Next time we will stay in walking distance to the train station, bus stops and main street at either the Starry Inn or the Taroko Liiko Hotel. While there isn’t a lot to the town, we would choose the proximity to the park as the priority for visiting the area.
For more ideas on where to stay, take a look at the map below, which will help you compare hotels and holiday rentals in Taroko National Park. All you have to do is insert your travel dates and group size and they will show you the best deals available.
The best time to visit Taiwan
Low season in Taiwan is November through March excluding Chinese New Year. It is cooler but as a Canadian, I wouldn’t consider it winter temperatures.
Shoulder season is September and October and April through June. July and August is high season and can be very hot. Rain is very common in Taiwan all year round. Typhoon season starts in June and could go until October, which can affect flights, traffic, sailing and access to remote areas.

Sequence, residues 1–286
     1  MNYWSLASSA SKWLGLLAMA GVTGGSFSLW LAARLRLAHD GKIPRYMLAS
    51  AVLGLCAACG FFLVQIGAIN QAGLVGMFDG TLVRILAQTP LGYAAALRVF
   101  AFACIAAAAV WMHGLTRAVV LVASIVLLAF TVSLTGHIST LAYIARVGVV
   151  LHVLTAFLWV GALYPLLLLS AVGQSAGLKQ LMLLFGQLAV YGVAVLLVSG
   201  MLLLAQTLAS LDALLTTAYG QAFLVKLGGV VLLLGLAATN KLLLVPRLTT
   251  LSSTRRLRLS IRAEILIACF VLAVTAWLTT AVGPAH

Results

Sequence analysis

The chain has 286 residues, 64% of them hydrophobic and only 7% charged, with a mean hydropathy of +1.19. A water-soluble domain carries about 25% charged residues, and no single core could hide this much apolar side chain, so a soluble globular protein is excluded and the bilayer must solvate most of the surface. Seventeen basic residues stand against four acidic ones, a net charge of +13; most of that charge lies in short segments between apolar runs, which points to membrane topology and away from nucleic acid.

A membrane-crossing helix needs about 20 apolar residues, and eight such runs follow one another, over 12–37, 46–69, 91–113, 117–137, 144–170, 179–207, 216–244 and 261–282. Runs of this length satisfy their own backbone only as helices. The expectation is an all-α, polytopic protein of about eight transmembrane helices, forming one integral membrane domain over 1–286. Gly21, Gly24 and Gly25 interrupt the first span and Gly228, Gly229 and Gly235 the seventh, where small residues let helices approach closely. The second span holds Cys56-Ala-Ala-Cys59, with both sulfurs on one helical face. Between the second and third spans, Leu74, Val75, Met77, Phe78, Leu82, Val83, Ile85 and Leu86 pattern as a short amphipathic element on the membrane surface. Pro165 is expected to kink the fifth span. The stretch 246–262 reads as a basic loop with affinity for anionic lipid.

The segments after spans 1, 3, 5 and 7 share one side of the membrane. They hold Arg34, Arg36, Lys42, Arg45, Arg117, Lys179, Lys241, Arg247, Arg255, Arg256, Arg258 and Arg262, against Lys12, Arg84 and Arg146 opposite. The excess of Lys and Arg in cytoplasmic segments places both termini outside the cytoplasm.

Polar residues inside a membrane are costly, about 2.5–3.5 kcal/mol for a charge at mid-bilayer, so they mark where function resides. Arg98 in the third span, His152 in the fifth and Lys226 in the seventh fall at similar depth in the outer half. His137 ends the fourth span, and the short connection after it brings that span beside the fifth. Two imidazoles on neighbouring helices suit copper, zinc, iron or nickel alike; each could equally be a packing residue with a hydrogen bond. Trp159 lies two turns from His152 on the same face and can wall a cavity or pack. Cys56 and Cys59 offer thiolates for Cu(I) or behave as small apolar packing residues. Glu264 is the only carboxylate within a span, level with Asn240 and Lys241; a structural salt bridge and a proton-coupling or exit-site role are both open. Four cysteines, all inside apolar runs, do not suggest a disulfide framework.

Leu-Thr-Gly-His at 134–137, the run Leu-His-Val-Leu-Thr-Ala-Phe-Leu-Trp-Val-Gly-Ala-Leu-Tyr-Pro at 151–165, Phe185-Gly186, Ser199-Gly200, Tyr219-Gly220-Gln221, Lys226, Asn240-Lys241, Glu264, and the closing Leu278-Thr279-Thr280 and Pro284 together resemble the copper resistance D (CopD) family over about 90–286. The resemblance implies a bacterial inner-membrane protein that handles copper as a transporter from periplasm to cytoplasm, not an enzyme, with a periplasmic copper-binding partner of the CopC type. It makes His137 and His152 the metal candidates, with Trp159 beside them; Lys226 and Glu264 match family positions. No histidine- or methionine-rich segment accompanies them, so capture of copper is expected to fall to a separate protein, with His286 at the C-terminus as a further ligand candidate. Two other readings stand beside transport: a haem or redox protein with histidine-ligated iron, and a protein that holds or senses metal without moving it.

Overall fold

Other places to go in Taiwan
We’ve bookmarked the following places to go in Taiwan when we next visit:
- Zhuili Old Trail in Taroko National Park (permit required, limited hikers per day)
- Shilin Night Market
- Explore the Town of Jiufen
- Nanya Rock
- Yamingshan National Park
- Yehliu Geopark
Travel to Taiwan
Fly to Taipei, Taiwan Taoyuan International Airport with any international carrier. Some hotels will book your train tickets to Taroko.
Online train bookings are a bit of a challenge, and seats are only made available at midnight 14 days before the departure date. The reservation and payment are made online, but the tickets need to be picked up locally at any 7-11 (which are everywhere). Tickets can book up quickly on poplar routes, especially during holiday periods.
If you’re looking for more ideas on places to visit in Taiwan, including the best day trips from Taipei, take a look at this post.